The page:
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2 of 3 people found the following review helpful
2.0 out of 5 stars Rather Dull, 19 April 2012
This review is from: XX (Audio CD)
Positive reviews suggested this was something worth listening to, but for me, the album gets very repetitive when listening to it all the way through. Would probably sound fine on your ipod shuffle but a lack of variety makes this album very dull, while the vocals are incredibly dull and the lyrics rather uninspirational. Musically, it doesn't go anywhere either.

The sparsity of the sound attempts to create an atmospheric sound but there's nothing atmospheric to it at all. While many bands do this and pull it off spectacularly (The National, Unforgettable Fire era U2, Murmur era REM and Radiohead), you feel as if The XX are falling well short of that haunting qualities of their peers.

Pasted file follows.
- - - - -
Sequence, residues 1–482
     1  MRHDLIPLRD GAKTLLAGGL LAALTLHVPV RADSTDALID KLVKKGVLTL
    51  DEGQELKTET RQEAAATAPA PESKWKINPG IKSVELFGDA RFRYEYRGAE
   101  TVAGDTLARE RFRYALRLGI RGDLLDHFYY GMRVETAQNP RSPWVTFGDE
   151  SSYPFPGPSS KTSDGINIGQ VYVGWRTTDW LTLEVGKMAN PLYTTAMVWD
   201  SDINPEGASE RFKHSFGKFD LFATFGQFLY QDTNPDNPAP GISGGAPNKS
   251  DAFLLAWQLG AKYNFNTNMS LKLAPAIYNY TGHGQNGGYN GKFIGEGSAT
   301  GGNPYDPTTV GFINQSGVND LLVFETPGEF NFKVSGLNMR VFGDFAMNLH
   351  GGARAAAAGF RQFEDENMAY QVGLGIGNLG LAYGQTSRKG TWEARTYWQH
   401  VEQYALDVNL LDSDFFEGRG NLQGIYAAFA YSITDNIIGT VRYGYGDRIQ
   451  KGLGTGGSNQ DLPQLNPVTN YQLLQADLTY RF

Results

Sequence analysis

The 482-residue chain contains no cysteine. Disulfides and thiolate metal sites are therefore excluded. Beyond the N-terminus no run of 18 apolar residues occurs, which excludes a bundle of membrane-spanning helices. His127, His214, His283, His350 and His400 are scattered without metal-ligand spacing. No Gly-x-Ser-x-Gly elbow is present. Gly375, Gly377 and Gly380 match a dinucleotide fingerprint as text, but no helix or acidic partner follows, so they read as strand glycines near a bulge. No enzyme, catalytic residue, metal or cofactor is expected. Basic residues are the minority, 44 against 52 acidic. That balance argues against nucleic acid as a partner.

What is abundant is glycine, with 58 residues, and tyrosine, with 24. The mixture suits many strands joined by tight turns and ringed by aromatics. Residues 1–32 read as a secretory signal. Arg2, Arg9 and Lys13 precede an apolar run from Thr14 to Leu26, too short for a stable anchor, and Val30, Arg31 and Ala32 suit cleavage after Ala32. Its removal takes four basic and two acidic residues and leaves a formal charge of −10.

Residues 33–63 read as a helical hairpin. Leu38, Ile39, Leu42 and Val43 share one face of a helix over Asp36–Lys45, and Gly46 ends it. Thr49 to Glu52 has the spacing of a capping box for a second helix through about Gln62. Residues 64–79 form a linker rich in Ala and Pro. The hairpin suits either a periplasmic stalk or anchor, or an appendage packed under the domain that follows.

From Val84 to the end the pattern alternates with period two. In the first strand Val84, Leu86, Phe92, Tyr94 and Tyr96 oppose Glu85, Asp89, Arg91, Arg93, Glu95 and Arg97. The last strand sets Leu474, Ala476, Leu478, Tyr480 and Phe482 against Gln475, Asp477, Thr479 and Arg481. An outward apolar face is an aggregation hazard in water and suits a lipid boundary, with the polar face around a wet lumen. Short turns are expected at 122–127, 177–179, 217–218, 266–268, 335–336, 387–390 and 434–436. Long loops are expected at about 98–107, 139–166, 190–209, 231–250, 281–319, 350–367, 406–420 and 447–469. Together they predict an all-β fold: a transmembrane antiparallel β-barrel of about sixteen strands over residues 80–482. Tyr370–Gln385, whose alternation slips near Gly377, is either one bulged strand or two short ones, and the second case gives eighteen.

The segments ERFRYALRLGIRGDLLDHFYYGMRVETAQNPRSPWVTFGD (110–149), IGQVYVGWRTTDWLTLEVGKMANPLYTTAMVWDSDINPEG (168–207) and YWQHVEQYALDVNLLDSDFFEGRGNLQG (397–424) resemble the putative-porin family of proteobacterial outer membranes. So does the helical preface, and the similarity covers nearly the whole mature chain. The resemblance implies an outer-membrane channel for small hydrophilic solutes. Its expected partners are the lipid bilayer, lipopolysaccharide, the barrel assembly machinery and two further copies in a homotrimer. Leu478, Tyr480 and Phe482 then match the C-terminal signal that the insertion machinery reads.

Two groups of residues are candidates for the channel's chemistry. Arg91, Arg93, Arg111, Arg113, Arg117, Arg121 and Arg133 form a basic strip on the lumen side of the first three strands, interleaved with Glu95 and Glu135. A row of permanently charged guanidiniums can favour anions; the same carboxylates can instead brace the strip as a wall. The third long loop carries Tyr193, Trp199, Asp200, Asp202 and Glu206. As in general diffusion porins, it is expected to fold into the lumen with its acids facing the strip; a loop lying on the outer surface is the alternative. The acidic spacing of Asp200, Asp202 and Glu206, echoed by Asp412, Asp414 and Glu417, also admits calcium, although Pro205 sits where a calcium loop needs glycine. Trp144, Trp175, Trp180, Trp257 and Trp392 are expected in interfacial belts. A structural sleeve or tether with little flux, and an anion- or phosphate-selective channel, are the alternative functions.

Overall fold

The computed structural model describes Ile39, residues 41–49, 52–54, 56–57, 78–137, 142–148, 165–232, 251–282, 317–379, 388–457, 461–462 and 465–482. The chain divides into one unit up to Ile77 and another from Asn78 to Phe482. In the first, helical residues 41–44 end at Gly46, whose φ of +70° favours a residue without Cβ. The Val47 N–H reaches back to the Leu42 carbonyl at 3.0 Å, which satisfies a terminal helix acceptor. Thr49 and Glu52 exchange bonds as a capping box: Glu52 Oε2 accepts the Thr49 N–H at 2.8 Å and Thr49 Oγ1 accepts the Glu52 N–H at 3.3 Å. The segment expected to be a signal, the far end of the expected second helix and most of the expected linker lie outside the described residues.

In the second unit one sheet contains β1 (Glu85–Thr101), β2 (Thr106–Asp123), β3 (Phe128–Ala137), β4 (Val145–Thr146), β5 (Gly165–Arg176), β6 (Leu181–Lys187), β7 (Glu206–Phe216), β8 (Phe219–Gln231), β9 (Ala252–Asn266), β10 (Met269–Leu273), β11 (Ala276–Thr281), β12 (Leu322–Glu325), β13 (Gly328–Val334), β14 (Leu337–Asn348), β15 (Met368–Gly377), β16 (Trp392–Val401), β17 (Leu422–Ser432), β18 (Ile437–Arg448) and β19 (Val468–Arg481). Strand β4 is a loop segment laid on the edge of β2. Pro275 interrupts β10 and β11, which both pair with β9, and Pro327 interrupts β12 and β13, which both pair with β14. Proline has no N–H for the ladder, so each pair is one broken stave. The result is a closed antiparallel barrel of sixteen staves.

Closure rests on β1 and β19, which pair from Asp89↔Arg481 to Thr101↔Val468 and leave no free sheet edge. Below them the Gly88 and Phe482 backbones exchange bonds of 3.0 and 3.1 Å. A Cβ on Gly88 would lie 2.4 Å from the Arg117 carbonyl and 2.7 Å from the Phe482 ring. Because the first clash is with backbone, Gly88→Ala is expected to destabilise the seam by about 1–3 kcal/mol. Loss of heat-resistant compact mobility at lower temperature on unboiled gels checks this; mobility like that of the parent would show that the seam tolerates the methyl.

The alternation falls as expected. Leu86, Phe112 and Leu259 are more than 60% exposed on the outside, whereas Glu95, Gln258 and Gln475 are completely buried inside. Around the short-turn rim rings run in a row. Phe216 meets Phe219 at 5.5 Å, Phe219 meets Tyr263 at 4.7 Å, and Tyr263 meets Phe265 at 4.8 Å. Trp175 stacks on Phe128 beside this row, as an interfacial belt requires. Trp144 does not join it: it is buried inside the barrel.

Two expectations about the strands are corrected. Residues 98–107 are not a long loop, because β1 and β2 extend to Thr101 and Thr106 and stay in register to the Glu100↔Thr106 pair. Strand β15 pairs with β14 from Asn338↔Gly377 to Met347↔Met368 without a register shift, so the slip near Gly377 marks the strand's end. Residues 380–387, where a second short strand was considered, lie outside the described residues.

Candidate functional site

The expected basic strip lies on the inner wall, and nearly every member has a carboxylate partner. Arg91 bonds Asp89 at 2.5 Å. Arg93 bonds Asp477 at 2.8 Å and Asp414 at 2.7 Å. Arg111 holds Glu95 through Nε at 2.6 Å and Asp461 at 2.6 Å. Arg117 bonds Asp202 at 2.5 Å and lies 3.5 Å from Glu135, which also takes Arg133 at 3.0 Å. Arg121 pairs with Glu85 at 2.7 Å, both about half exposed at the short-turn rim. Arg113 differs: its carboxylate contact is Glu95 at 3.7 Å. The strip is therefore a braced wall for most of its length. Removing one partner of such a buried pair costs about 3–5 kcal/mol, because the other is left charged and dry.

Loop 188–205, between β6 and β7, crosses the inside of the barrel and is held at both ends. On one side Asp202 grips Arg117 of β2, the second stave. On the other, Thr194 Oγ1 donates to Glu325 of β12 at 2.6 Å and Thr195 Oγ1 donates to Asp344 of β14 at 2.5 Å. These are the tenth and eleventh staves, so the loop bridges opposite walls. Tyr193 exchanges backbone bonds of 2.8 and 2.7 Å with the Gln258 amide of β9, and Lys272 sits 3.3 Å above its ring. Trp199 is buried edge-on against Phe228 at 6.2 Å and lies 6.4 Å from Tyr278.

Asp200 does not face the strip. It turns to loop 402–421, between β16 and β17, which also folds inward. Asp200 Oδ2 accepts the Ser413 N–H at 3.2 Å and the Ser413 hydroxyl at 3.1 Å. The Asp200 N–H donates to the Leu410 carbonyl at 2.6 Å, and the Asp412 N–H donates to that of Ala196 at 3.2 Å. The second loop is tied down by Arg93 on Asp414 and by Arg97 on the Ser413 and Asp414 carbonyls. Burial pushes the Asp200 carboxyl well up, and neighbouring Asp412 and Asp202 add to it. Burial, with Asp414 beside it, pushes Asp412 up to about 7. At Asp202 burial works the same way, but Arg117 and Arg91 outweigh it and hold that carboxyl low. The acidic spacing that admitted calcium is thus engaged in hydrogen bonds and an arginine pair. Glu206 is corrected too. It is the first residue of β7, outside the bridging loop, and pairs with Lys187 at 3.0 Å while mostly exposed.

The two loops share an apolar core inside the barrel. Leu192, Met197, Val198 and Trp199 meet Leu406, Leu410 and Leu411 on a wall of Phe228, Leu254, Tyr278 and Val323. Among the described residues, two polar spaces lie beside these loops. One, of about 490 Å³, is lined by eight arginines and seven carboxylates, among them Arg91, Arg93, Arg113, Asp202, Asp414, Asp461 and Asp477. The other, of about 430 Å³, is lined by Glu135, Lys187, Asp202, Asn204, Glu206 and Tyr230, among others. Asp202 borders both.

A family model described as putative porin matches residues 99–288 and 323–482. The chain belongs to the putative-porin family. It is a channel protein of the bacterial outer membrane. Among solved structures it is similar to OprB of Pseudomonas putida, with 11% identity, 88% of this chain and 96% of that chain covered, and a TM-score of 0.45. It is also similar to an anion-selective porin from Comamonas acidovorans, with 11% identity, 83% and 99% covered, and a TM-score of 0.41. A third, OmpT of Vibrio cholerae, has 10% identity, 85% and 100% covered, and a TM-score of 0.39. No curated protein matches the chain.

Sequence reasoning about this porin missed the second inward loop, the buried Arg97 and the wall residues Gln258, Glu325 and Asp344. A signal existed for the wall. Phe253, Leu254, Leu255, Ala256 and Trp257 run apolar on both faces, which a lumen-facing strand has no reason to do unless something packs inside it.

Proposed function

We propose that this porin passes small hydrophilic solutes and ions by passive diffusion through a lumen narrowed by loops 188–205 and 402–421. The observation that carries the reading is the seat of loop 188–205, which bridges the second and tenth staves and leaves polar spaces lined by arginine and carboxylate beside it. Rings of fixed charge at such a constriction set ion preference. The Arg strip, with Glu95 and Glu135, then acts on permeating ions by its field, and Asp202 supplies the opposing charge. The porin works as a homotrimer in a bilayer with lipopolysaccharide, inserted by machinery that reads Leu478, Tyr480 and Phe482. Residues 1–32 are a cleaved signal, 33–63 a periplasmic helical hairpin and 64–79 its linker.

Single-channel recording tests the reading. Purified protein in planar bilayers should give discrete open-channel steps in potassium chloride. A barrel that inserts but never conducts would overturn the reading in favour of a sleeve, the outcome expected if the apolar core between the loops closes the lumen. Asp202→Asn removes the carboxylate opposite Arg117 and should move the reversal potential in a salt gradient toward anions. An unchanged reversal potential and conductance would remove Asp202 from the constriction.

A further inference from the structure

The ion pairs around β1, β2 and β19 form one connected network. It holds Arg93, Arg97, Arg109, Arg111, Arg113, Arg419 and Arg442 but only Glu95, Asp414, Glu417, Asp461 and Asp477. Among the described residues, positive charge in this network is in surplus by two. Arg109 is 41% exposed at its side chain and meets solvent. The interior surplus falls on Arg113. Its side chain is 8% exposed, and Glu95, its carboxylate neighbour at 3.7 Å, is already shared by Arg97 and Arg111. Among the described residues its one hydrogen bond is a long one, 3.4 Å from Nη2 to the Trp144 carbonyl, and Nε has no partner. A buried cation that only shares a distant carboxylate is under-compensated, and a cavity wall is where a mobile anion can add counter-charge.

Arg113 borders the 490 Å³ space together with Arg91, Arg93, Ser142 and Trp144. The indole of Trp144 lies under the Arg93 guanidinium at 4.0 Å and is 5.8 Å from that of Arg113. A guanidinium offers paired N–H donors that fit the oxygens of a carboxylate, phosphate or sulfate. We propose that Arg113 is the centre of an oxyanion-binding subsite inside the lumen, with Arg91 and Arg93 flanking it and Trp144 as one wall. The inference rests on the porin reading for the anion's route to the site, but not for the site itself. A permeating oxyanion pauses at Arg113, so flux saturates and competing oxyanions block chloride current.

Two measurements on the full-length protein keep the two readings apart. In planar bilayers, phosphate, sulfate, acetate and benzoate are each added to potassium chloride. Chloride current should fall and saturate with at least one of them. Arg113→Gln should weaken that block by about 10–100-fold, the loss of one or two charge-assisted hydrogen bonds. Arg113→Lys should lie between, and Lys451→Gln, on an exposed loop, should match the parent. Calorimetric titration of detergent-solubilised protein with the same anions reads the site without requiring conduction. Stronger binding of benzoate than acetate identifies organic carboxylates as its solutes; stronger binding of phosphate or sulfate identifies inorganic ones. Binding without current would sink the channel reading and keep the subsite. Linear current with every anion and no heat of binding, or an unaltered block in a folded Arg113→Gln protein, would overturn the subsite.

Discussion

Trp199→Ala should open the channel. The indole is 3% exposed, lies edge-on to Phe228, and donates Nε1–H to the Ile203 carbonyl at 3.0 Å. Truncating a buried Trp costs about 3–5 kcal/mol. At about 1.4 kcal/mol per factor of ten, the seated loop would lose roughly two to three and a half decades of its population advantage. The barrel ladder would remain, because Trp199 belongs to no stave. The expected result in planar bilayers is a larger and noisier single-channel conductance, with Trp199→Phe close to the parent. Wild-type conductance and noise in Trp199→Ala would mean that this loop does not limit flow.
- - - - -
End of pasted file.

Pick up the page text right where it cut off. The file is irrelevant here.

Not at all haunting, just extremely dull.
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8 of 11 people found the following review helpful
4.0 out of 5 stars Kind of like a pared down Lamb?, 3 Dec. 2009
This review is from: xx (Digipack) (Audio CD)
I've been listening to this album since Rob da Bank kept banging on about how good they were. They're definitely one of the more alluring sounds I've heard in 2009 - kind of like a stripped back Lamb with a bit of Hot Chip in there, maybe a smidge of Bat for Lashes too? All quite minimal, breathless, lingering - its low-fi, shoe-gaze music, appropriate for sultry late night liaisons.
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29 of 40 people found the following review helpful
5.0 out of 5 stars Sweet Headphone Candy, 3 Sept. 2009
By 
AK-87 (Bristol, UK) - See all my reviews
This review is from: xx (Digipack) (Audio CD)
This album is perfect commuter escapism. There are only about one or two albums a year which I can just listen to over and over again and this is my 2009 record. This is just one of those albums which just sounds better through headphones on the move. I wouldn't go as far as saying that this album can be grouped in the chill out genre but it is fantastically peaceful.